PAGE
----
Lethal unmanned aerial vehicles (UAV) are a significant combat multiplier being employed in Iraq and Afghanistan. Colonel Luther Turner, a [USAF] UAV pilot, Major Jason Adair, a Canadian infantry battle group operations officer, and Major Louis Hamel, commander of a Canadian Tactical Air Control Party, provide a unique perspective in air/land integration of UAV capabilities. The three agree that the key to successful employment of the UAV is the relationships formed between UAV crews and the ground personnel directing the aerial surveillance and strikes performed by the aircraft, articulation of priorities, and building and sharing a detailed intelligence picture.
Putting the Pilot in the RPAs
By J.A. Tirpak
Air Force Magazine, July 2010
“Remotely piloted aircraft are big business, but USAF must come up with the trained people to fly them.” This article examines the evolution of undergraduate remotely piloted aircraft (RPA) training (URT) in the United States Air Force. In order to meet the skyrocketing demand for RPA crews, the original idea to create a URT course that would take less time and cost less than standard pilot training has not been fully realised, and some modification and lengthening of training has been required. Additionally, the USAF has taken significant steps to institutionalise RPA crew career fields for both pilots and sensor operators. Appreciation of the RPA crew training and personnel management lessons learned by the USAF is important for forces like the ADF who are beginning to incorporate UAS in their force structures.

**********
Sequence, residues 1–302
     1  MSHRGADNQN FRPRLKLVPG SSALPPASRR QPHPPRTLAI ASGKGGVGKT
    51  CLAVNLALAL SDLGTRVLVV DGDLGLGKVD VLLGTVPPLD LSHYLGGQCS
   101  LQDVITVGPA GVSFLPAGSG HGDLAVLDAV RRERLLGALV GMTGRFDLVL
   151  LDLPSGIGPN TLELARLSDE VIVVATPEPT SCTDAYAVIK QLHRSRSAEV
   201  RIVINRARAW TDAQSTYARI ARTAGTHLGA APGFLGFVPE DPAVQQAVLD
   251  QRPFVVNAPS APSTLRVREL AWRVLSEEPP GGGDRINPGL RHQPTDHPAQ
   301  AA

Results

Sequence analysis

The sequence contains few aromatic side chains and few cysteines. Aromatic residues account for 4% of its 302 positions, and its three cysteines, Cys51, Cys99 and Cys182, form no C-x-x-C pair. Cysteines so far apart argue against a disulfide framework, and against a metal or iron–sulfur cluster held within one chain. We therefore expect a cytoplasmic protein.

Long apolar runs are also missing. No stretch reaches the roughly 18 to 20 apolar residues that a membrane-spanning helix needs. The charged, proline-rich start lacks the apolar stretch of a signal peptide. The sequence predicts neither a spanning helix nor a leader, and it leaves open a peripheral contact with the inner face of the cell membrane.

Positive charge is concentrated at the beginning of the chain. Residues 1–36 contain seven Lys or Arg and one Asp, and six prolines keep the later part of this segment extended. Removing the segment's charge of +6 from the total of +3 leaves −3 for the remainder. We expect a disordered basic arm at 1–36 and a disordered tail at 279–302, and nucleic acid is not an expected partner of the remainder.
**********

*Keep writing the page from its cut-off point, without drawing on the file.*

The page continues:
Did you know ...?
The last time that an Australian soldier was killed by enemy air attack is believed to have been at Finschhafen, New Guinea, on 25 October 1943. The headquarters of the 9th Division was hit in a pre-dawn raid by Japanese aircraft, and about half a dozen personnel on the ground were killed. Among them was Brigadier S.T.W. Goodwin, commander of the division's artillery. Although the Japanese had been able to operate in some strength in previous days - for instance on the night of 19-20 October shipping in Langemak Bay was attacked by no fewer than 60 enemy planes - from this date the Allies had achieved air supremacy and Japanese aircraft were rarely able to get through.
The views expressed in this newsletter and the linked articles are entirely those of the authors and not necessarily those of the Royal Australian Air Force.